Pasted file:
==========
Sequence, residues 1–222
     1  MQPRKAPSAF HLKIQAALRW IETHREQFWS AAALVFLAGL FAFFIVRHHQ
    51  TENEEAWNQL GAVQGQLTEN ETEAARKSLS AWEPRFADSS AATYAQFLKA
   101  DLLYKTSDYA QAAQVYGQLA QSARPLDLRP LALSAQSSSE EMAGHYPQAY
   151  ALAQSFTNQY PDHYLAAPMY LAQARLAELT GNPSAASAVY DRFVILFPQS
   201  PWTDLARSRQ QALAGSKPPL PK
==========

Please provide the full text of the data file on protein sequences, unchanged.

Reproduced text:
Sequence, residues 1–222
     1  MQPRKAPSAF HLKIQAALRW IETHREQFWS AAALVFLAGL FAFFIVRHHQ
    51  TENEEAWNQL GAVQGQLTEN ETEAARKSLS AWEPRFADSS AATYAQFLKA
   101  DLLYKTSDYA QAAQVYGQLA QSARPLDLRP LALSAQSSSE EMAGHYPQAY
   151  ALAQSFTNQY PDHYLAAPMY LAQARLAELT GNPSAASAVY DRFVILFPQS
   201  PWTDLARSRQ QALAGSKPPL PK